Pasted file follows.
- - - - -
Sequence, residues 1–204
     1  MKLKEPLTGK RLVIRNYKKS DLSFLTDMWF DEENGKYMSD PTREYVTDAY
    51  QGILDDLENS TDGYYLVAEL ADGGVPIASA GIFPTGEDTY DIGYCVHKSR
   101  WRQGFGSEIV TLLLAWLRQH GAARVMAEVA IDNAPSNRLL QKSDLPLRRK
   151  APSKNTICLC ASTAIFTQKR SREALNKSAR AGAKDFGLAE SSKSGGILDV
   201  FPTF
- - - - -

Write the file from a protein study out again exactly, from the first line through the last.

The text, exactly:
Sequence, residues 1–204
     1  MKLKEPLTGK RLVIRNYKKS DLSFLTDMWF DEENGKYMSD PTREYVTDAY
    51  QGILDDLENS TDGYYLVAEL ADGGVPIASA GIFPTGEDTY DIGYCVHKSR
   101  WRQGFGSEIV TLLLAWLRQH GAARVMAEVA IDNAPSNRLL QKSDLPLRRK
   151  APSKNTICLC ASTAIFTQKR SREALNKSAR AGAKDFGLAE SSKSGGILDV
   201  FPTF